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Does Educational Choice Erode the Immigration Surplus?

  • Wido Geis

Many countries pursue an immigration policy that is targeted at attracting high skilled workers. Borjas (1995) has shown that assuming perfect labor markets immigration leads to a welfare gain for the native population, the so-called immigration surplus. Thus, as the labor market for high skilled workers exhibits few frictions, high skilled immigration should lead to a welfare gain. Nevertheless, this argumentation implicitly assumes that immigration has no influence on the qualification structure of natives. In this paper I show that if natives anticipate high skilled immigration, fewer natives acquire a high education level. In labor markets that are not frictionless this effect can be such strong that high skilled immigration leads to a welfare loss for natives. Moreover, if high skilled migration is expected but not realized, this expectation generates a welfare loss.

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File URL: http://www.cesifo-group.de/portal/page/portal/DocBase_Content/WP/WP-Ifo_Working_Papers/wp-ifo-2005-2010/IfoWorkingPaper-80.pdf
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Paper provided by Ifo Institute for Economic Research at the University of Munich in its series Ifo Working Paper Series with number Ifo Working Paper Nr. 80.

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Date of creation: 2009
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Handle: RePEc:ces:ifowps:_80
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  1. Razin, Assaf & Sadka, Efraim, 1995. "Resisting Migration: Wage Rigidity and Income Distribution," American Economic Review, American Economic Association, vol. 85(2), pages 312-16, May.
  2. Kemnitz, Alexander, 2007. "Native Welfare Losses from High Skilled Immigration," Dresden Discussion Paper Series in Economics 16/07, Dresden University of Technology, Faculty of Business and Economics, Department of Economics.
  3. Clemens Fuest & Marcel Thum, 1999. "Immigration and Skill Formation in Unionised Labour Markets," CESifo Working Paper Series 214, CESifo Group Munich.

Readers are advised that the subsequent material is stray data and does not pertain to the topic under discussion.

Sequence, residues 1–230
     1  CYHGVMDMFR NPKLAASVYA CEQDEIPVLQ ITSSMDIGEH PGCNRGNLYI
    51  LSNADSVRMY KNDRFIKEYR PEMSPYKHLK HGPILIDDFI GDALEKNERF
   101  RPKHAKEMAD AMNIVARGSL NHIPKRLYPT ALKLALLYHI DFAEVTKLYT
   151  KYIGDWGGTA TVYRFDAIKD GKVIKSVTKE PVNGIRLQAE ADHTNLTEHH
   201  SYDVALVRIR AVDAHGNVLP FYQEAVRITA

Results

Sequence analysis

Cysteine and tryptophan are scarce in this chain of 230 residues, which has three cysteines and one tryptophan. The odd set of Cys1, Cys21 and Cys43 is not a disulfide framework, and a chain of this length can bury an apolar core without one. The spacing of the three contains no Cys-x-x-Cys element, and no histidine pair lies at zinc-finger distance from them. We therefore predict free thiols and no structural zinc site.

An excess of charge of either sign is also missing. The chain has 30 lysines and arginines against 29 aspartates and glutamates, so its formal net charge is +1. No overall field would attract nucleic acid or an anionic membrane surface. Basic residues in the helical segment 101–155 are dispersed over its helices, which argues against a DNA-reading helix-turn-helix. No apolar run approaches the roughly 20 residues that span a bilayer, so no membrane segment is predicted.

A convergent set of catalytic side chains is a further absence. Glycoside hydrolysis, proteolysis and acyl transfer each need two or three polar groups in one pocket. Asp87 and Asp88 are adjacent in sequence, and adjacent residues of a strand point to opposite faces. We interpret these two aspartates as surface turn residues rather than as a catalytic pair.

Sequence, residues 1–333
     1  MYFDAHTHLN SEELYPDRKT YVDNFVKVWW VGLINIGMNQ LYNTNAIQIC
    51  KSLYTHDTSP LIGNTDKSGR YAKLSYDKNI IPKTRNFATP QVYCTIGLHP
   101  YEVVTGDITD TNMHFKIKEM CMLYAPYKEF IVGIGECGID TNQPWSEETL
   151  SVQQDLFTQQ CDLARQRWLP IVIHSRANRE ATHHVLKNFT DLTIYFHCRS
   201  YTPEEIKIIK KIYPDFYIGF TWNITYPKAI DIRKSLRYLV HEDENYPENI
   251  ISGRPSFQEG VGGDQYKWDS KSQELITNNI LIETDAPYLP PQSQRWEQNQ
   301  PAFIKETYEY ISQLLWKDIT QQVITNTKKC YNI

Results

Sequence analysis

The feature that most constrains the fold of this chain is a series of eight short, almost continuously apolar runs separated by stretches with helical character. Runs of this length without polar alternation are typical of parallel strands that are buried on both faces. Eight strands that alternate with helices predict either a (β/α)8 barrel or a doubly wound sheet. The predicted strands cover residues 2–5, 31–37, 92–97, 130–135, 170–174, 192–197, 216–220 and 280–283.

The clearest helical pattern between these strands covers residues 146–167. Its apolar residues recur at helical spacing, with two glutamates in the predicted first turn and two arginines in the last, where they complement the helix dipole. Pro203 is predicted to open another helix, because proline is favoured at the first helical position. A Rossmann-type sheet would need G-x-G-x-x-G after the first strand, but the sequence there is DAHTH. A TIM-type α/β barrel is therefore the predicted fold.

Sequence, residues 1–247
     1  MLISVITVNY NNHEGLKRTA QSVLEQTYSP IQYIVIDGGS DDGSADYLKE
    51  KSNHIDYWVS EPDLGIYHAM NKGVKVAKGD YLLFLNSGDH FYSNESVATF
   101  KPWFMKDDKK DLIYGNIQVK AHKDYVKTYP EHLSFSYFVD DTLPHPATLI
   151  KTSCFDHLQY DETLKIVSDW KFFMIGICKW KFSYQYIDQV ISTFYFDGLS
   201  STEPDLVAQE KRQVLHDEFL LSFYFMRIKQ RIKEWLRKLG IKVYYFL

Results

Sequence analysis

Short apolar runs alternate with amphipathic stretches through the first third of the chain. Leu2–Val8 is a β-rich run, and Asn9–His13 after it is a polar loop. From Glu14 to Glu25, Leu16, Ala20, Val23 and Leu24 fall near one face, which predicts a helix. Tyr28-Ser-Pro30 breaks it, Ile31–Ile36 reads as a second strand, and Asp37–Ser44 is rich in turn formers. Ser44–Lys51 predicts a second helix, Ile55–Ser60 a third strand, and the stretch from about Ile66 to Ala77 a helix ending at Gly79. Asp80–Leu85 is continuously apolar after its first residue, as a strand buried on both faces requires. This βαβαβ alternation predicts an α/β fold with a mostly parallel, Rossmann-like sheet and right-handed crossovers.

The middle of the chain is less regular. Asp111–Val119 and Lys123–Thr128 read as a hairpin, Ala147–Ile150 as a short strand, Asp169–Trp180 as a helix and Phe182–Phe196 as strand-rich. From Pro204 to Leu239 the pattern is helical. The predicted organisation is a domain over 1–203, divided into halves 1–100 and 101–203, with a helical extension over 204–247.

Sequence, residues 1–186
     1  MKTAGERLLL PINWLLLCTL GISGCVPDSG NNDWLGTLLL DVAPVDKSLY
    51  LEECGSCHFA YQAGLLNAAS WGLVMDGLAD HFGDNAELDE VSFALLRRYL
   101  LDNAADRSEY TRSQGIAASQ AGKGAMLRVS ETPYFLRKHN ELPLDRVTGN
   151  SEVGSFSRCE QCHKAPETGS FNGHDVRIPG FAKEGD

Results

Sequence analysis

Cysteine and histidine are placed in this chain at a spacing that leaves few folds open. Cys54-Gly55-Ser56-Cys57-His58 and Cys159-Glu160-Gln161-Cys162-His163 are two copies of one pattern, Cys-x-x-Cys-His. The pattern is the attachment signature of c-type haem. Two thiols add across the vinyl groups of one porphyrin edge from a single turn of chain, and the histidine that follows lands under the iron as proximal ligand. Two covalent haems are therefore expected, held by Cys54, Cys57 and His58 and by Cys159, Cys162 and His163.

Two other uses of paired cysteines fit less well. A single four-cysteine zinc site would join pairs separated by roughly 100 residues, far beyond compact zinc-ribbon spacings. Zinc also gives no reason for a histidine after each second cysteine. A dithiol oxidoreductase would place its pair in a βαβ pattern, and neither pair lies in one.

4. George J. Borjas, 1995. "The Economic Benefits from Immigration," Journal of Economic Perspectives, American Economic Association, vol. 9(2), pages 3-22, Spring.
  5. Paul Levine & Emanuela Lotti & Joseph Pearlman, 2003. "The Immigration Surplus Revisited in a General Equilibrium Model with Endogenous Growth," School of Economics Discussion Papers 0203, School of Economics, University of Surrey.
  6. Stark, Oded & Wang, Yong, 2001. "Inducing Human Capital Formation: Migration as a Substitute for Subsidies," Economics Series 100, Institute for Advanced Studies.
  7. Frederic Docquier & Hillel Rapoport, 2007. "Skilled migration: the perspective of developing countries," CReAM Discussion Paper Series 0710, Centre for Research and Analysis of Migration (CReAM), Department of Economics, University College London.
  8. Gabriel J. Felbermayr & Wilhelm Kohler, 2007. "Immigration And Native Welfare," International Economic Review, Department of Economics, University of Pennsylvania and Osaka University Institute of Social and Economic Research Association, vol. 48(3), pages 731-760, 08.
  9. Simonetta Longhi & Peter Nijkamp & Jacques Poot, 2005. "A Meta-Analytic Assessment of the Effect of Immigration on Wages," Journal of Economic Surveys, Wiley Blackwell, vol. 19(3), pages 451-477, 07.
  10. Rodney Ramcharan, 2002. "Migration and Human Capital Formation; Theory and Evidence From the U.S. High School Movement," IMF Working Papers 02/123, International Monetary Fund.
  11. Berry, R Albert & Soligo, Ronald, 1969. "Some Welfare Aspects of International Migration," Journal of Political Economy, University of Chicago Press, vol. 77(5), pages 778-94, Sept./Oct.
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